NEW BRUNSWICK, NJ—A new project proposed by several Rutgers University cooperatives could result in beautiful "rain gardens" adorning the New Brunswick Public Library by the end of October.
The proposal was presented to the city's Library Board of Trustees at its most recent meeting, where they were urged to quickly approve the project so the necessary grant funding, which runs out at the end of October, may be obtained.
The project is funded by a grant from the National Fish and Wildlife Foundation in a grant earned by the Rutgers Water Resources Program (RWP).
Tobiah Horton, who presented the plan, said he hopes work on the rain gardens can begin by the third week in October.
“We are attempting to get [started] before the last week of planting this year,” Horton, an assistant professor in the Department of Landscape Architecture at Rutgers, told the library commission.
Heather Fenyk, the executive director of the Lower Raritan Watershed Partnership and a member of the city’s Environmental Commission, said the project is consistent with other projects the Commission has done.
“This is consistent with a citywide attempt to address some of the wide scale flooding in town,” Fenyk said.
Horton said the purpose of a rain garden is to intercept storm water from impervious surfaces like roofs and paved areas before it reaches the storm sewers.
“Direct runoff from impervious surfaces contributes to poor water quality in our streams and rivers,” he said. “First and foremost, rain gardens at the library will compliment the library's mission to educate and serve the New Brunswick population. The gardens will have signage that can teach library users about science concepts, development patterns and environmental issues, among other things.”
While the Library Board generally supported the project, several members raised concerns about the future cost of maintaining the rain gardens.
Library Director Dr. Robert Belvin said that, although right now it is hard to determine the future cost of maintenance, he believes it’s an issue that can be worked out.
The current proposal is for rain gardens on each side of the library building.
However, Horton said, it's part of the Green Infrastructure Corridor to the River, a larger project which imagines a continuous walking/water corridor from the Roosevelt Elementary School through the Henry Guest House and New Brunswick Free Library, and ultimately connecting to Boyd Park and the Raritan River.
Horton said the potential future project could explore the historical stream beneath the Guest House landscape, where Guest had his tanning pond.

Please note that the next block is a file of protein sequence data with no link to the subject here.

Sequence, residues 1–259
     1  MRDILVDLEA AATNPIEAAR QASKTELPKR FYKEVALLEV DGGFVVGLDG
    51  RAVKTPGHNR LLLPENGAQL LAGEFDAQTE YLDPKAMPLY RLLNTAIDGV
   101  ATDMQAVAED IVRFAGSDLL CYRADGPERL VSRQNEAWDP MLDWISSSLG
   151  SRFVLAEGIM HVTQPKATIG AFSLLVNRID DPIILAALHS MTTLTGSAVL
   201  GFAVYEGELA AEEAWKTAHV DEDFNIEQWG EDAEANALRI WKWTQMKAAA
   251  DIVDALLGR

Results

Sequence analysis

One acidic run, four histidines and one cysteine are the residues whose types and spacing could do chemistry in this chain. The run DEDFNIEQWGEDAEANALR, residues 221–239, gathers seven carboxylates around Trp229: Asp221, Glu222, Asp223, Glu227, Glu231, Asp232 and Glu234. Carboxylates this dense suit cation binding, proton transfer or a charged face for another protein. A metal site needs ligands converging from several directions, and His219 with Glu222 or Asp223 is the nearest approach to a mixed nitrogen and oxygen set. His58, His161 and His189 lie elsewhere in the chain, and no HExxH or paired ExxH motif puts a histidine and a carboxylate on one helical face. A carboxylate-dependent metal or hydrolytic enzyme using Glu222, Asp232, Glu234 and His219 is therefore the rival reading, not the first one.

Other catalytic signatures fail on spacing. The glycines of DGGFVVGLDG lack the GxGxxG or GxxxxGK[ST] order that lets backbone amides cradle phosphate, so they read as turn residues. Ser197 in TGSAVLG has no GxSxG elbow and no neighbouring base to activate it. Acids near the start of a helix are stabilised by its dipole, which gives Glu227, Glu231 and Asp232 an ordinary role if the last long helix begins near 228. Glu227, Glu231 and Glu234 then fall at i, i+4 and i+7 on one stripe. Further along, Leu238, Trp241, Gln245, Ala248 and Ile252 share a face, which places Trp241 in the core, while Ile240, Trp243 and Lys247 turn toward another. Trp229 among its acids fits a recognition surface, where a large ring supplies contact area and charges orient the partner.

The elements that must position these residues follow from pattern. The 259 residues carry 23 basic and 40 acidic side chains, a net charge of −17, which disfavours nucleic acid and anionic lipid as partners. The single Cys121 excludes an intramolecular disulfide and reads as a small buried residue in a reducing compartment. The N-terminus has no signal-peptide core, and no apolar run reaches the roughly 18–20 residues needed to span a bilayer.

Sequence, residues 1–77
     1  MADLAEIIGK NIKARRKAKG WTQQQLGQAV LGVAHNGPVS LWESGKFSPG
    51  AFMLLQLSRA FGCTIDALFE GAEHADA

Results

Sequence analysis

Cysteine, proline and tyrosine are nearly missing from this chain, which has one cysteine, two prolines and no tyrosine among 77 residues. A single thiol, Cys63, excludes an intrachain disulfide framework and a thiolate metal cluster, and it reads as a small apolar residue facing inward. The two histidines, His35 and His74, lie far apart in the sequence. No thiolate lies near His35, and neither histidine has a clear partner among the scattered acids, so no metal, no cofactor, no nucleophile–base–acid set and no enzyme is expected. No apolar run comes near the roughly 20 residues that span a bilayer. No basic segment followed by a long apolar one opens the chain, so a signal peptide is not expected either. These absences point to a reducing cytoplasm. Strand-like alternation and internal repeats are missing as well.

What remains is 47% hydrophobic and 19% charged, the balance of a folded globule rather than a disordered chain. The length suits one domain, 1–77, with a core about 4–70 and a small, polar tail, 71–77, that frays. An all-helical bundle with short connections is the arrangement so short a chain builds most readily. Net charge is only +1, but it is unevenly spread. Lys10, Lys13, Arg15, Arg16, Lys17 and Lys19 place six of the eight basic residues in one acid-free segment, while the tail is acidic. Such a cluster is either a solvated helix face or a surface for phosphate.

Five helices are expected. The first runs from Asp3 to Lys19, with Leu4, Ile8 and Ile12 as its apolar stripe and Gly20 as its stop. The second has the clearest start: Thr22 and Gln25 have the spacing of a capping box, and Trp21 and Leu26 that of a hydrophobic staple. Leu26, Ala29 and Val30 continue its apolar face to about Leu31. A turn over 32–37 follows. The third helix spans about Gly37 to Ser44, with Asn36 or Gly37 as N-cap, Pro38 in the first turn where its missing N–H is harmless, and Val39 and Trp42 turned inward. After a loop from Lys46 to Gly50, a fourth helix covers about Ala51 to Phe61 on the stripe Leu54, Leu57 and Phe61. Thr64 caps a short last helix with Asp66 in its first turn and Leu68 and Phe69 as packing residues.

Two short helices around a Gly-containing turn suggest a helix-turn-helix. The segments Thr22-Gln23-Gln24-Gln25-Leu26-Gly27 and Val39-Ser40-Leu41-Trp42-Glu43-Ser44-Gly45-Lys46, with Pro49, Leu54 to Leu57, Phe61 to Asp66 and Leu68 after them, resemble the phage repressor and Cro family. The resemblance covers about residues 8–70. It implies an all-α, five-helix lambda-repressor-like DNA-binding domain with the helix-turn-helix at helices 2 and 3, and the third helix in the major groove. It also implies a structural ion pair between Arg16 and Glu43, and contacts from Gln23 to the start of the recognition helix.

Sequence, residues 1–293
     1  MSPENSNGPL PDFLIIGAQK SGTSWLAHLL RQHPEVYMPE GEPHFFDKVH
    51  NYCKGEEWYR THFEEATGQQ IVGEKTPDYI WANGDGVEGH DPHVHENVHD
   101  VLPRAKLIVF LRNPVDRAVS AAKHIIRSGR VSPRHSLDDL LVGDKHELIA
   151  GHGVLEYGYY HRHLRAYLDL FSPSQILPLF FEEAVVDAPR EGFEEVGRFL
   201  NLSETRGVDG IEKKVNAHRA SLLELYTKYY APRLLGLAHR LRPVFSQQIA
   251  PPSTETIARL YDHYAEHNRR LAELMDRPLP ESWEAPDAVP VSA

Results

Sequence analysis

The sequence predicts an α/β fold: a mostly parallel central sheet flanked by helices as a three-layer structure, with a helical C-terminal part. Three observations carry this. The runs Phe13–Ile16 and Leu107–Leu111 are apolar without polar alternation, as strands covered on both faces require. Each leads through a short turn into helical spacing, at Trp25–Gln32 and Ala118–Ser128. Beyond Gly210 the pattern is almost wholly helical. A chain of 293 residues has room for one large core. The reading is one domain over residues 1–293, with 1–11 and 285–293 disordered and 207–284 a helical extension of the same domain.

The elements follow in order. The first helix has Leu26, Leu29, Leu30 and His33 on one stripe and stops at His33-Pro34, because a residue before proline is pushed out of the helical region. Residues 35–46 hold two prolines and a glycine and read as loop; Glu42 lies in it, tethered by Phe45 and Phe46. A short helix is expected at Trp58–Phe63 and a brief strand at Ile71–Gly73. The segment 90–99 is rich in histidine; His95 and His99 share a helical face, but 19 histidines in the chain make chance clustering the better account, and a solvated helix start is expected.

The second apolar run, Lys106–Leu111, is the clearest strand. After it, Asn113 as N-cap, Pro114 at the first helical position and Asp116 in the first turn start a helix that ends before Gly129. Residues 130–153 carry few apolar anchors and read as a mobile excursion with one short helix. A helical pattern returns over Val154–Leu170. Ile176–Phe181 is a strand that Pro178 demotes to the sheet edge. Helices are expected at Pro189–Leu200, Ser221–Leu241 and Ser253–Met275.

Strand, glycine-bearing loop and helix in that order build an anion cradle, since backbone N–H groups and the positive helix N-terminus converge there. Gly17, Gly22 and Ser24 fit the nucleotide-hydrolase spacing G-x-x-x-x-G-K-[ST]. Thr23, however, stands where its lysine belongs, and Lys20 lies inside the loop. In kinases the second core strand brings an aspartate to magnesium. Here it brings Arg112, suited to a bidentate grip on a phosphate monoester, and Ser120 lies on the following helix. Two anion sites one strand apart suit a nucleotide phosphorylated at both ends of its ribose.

“Part of the thinking behind the Rail-Arts-River process is to find places where there is a confluence of the cultural, historical, commercial and environmental,” Horton said. “The Guest House is one such place, where a potential current environmental improvement meets an opportunity for historical interpretation - green infrastructure could be used to show and interpret the path of a historical stream and early New Brunswick industry.”
Horton said construction of the rain garden would take about a week from start to finish.
“Building a rain garden consists of clearing existing vegetation, removing poor soil or soil that won't infiltrate, adding ‘bioretention’ mix soil, controlling erosion with gravel or small stones at the water's entrance and exit, and planting, mulching and watering - this process at the library should take about a week for both gardens,” Horton said.
He explained that a rain garden has three zones, similar to the edge of a water body.
Horton said that at the lowest elevation are plants that prefer wet roots, followed by a middle elevation where the roots are sometimes saturated but often dry; and finally the sides or edges of the rain garden which are up above and are drier.
The Rutgers Water Resources Program is responsible for project management and engineering design, while Horton is in charge of the landscape design, planting, and construction supervision.
“Student interns will also be involved in the project work, digging, planting and mulching - learning the details of how rain gardens are made,” Horton said. “Once our schedule is established, we will publicize it so people can see the process in action and learn more about rain gardens.”
Horton said the plan is to use native perennials such as Aster, Lobelia, Iris, Mistflower and grasses such as Soft Rush, or River Oats or Bluestem; as well as small shrubs such as Swamp Milkweed or Swamp Azalea, and others depending on design refinement and availability.
He said that part of the goal of the project is to educate the public on how to build rain gardens.
“It is our hope that from the beauty and the understanding of benefits, library users will be inspired to create rain gardens at their own home or workplace,” Horton said.
He said anyone interested in building their own rain garden may consult the Rain Garden Manual of New Jersey.
Horton said the department of landscape architecture will also give design advice to people that have questions regarding building a rain garden at home and can contact him at Tobiah.email@example.com.